Since the late-1990s, Guo Xiaolu has been developing a fascinating, multi-disciplinary career that ranges from literary fiction to incisive documentaries to narrative features, with such novels as 20 Fragments of a Ravenous Youth (2008) and A Concise Chinese-English Dictionary for Lovers (2007) enjoying mainstream success while her work as a director has been celebrated on the festival circuit, even if art-house success has so far eluded her. That may change with UFO in Her Eyes, a barbed commentary on the modernisation of China, which not only marks the first time that Guo has adapted one of her novels for the screen but fully embraces a fantastical premise to explore cultural shifts that usually receive the docudrama treatment from mainland China filmmakers. The strange events take place in and around the Three Headed Bird Village of Guangxi province where 35-year-old single peasant Kwok Yun (a remarkable Shi Ke) has been engaging in regular trysts with a married school headmaster (Zhou Lan). Wandering in the fields after a bout of secluded love-making, Kwon Yun finds a crystal which leads to a blinding alien encounter, then the sudden appearance of a Westerner (Udo Kier), who she treats for snake bite before he disappears. After recovering, Kwon Yun reports the incident to village head Chief Chang (Mandy Zhang), which results in the arrival of an officious government investigator from Beijing, while Chang exploits the ensuing publicity as a means of transforming the area into a tourist attraction complete with UFO theme park, golf course, and hotel.
As with Guo’s earlier feature How is Your Fish Today? (2006), which blended three forms of narrative, UFO in Her Eyes utilises multiple perspectives and aesthetic sensibilities while never losing track of its central conceit. The investigator interviews the inhabitants of the village to establish what happened on the day of the extra-terrestrial visitation, prompting various flashbacks that serve to elaborate on the opening sequence, and subsequently remains to observe the social-political flux that follows. His face is never seen as the investigator’s contact with the villagers is shot from his point-of-view in stark black-and-white, making him the literally faceless representative of the state who sees China’s population in simple terms, such as ‘farmer’, ‘local’ or ‘migrant’. The rest of the film bursts with kaleidoscopic colour as Guo vividly conveys a region in a state of sudden transformation due to capitalist impulses, with the natural wonder of the area being replaced by tacky commercial enterprise. Kwon Yun’s burgeoning celebrity status promises to free her from a life of hard labour in the local mine, while the headmaster decides to divorce his domineering wife in order to marry his illiterate lover, but the corporate culture that encroaches on the village proves to be a further trap. Declared to be the ‘model peasant’ of the year by the opportunistic Chang, she seeks escape from a society which is inherently contradictory in that it is wary of outsiders yet willing to ‘open up’ in order to reap the economic benefits of such attention.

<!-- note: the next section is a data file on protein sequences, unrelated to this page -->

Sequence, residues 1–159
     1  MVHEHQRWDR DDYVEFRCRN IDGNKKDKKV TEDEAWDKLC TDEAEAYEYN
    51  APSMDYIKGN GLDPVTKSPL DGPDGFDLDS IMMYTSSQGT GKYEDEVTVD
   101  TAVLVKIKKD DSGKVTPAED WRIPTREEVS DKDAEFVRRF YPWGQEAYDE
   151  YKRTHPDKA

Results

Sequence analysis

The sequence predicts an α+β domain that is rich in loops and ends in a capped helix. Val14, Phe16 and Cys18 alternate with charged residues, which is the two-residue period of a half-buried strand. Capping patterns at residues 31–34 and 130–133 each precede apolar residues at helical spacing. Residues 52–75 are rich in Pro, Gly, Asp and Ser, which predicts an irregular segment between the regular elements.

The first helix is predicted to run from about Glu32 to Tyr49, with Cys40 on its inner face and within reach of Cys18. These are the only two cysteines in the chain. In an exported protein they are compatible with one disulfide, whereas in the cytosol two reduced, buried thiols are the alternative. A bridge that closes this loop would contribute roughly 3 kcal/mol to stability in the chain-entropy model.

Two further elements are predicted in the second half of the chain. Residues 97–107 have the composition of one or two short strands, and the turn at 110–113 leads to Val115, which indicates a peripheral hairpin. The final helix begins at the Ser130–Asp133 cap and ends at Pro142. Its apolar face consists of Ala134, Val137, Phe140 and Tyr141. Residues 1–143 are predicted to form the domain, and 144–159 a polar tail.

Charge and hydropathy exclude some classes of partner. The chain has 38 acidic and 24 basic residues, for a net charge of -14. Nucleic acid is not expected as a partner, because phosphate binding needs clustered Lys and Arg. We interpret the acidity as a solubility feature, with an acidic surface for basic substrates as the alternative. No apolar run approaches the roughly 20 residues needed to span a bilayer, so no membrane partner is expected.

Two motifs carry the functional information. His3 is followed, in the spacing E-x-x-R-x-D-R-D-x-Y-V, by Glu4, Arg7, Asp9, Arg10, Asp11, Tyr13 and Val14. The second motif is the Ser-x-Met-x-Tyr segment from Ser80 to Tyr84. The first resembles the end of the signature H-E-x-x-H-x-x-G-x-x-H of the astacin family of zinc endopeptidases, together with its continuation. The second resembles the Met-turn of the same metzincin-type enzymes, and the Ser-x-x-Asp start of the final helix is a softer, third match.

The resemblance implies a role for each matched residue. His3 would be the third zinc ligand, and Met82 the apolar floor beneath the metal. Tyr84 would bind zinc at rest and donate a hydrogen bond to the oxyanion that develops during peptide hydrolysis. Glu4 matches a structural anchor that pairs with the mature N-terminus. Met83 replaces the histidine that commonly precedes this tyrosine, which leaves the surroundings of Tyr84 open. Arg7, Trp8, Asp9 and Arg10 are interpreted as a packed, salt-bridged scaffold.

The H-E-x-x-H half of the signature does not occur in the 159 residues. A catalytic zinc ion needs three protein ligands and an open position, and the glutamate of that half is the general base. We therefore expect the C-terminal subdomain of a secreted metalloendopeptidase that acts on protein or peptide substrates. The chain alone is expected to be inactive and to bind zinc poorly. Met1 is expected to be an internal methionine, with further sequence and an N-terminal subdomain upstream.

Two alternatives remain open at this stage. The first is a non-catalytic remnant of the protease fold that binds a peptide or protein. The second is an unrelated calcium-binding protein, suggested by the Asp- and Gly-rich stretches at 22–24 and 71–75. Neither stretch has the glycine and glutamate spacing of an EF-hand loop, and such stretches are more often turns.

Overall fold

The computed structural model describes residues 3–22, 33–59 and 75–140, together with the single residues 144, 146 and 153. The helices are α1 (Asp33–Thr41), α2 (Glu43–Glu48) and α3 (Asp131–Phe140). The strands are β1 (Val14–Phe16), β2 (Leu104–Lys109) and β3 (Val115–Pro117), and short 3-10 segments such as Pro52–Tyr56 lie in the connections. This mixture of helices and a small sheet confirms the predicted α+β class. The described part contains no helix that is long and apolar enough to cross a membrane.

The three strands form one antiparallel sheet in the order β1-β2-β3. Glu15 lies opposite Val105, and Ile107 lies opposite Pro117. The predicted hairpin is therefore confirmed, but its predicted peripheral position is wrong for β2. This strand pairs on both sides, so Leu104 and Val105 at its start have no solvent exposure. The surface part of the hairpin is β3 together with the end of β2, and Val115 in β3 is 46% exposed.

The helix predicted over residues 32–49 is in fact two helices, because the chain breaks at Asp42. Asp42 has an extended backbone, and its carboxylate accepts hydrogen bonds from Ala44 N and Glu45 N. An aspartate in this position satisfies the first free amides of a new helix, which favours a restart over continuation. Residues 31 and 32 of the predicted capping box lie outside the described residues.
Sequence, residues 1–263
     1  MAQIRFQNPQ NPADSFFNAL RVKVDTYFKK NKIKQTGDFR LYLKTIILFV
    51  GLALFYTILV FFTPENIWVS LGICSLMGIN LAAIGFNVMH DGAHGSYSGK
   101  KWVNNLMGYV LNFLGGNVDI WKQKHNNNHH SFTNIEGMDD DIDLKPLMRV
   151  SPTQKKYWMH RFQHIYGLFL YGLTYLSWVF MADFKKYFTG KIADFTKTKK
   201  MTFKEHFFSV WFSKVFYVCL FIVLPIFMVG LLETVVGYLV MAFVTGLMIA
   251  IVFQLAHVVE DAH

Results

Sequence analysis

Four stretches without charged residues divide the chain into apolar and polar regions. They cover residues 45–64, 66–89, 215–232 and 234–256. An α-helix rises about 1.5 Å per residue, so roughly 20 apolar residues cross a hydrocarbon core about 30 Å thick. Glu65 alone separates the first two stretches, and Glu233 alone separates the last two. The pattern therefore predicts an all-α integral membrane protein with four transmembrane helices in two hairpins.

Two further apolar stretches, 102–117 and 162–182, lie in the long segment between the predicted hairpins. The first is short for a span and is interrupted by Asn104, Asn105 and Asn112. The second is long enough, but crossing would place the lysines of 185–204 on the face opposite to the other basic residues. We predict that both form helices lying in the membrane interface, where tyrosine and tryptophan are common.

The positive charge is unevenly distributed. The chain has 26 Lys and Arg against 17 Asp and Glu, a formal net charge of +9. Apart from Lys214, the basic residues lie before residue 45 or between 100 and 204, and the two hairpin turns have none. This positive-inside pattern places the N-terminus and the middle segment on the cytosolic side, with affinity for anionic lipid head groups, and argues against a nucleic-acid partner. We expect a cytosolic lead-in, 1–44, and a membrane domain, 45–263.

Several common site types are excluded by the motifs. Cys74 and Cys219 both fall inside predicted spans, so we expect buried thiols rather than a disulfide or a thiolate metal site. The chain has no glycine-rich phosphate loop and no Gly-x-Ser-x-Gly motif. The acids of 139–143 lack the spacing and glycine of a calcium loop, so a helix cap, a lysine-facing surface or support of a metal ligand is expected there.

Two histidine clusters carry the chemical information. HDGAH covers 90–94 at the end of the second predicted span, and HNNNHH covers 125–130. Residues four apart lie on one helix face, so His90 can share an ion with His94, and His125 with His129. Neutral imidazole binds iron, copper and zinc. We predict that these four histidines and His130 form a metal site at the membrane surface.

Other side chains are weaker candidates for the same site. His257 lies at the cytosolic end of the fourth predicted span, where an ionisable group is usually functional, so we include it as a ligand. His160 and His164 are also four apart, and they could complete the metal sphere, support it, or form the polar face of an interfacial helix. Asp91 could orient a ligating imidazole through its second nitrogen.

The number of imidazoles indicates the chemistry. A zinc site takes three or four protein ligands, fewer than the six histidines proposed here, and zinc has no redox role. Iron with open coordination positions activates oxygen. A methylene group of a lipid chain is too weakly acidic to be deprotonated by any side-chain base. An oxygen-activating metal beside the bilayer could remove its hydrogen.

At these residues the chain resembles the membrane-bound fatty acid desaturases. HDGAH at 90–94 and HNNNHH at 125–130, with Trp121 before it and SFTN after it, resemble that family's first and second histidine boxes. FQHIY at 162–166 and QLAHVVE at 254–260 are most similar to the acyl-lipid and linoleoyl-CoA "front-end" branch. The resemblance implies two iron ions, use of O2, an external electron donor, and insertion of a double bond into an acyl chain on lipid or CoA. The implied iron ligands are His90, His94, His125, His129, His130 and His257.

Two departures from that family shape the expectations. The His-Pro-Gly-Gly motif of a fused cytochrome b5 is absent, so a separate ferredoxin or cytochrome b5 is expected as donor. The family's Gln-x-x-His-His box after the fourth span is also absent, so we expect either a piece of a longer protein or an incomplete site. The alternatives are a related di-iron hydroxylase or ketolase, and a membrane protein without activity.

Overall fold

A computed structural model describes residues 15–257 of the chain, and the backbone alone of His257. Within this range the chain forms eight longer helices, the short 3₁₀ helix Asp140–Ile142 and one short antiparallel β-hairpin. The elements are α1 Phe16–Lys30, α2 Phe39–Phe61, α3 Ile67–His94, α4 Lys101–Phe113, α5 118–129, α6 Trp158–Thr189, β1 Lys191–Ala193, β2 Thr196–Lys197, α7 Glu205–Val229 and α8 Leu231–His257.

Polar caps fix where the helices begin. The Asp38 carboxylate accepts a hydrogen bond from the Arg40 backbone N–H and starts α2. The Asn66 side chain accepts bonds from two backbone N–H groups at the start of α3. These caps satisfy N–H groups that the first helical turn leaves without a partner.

Chang still believes in Maoist collectivism and proudly informs the investigator that the former Chairman was born in the region, yet is happy to host a motivational speaker who delivers ‘re-education’ lectures on how to get rich quick on the basis that you should, ‘only invest other people’s money’. The business guru cheerfully explains that, ‘the packaging is more important than the product’, while the villagers repeat his words in unison. The stability of the village is threatened by this ill-suited fusion of ideologies as farmers lose their land to make way for construction, prompting the threat of a peasant revolt. Others relish their newfound wealth, such as the village secretary who becomes the boss of the new five-star hotel and offers the investigator a fifty per-cent discount on a room for the night, with the option of having one of the ‘delightful hostesses’ stop by for ‘full service’. Idiosyncrasies abound, with Kier eventually reappearing, his character identified as an American named Simon Frost, although the actor maintains his German accent, while the acknowledged references to the exaggerated contrasts of Mikhail Kalatozov’s legendary I am Cuba (1964) by cinematographer Michal Tywoniuk lend the film a surreal visual palette. UFO in Her Eyes is an abstract yet accessible critique of modern China which hits its satirical targets while remaining entirely sympathetic to the plight of its heroine who, in a beautifully realised coda, finds the will to take control of her destiny and embark on an individual journey towards ‘the future’.